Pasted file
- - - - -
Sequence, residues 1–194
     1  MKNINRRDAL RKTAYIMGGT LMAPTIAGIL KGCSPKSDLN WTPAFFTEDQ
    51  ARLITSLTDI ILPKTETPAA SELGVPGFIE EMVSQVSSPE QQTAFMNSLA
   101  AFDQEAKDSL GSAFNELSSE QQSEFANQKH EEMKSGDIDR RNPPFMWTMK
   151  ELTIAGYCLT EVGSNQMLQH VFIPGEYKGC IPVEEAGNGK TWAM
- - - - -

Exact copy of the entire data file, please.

Sequence, residues 1–194
     1  MKNINRRDAL RKTAYIMGGT LMAPTIAGIL KGCSPKSDLN WTPAFFTEDQ
    51  ARLITSLTDI ILPKTETPAA SELGVPGFIE EMVSQVSSPE QQTAFMNSLA
   101  AFDQEAKDSL GSAFNELSSE QQSEFANQKH EEMKSGDIDR RNPPFMWTMK
   151  ELTIAGYCLT EVGSNQMLQH VFIPGEYKGC IPVEEAGNGK TWAM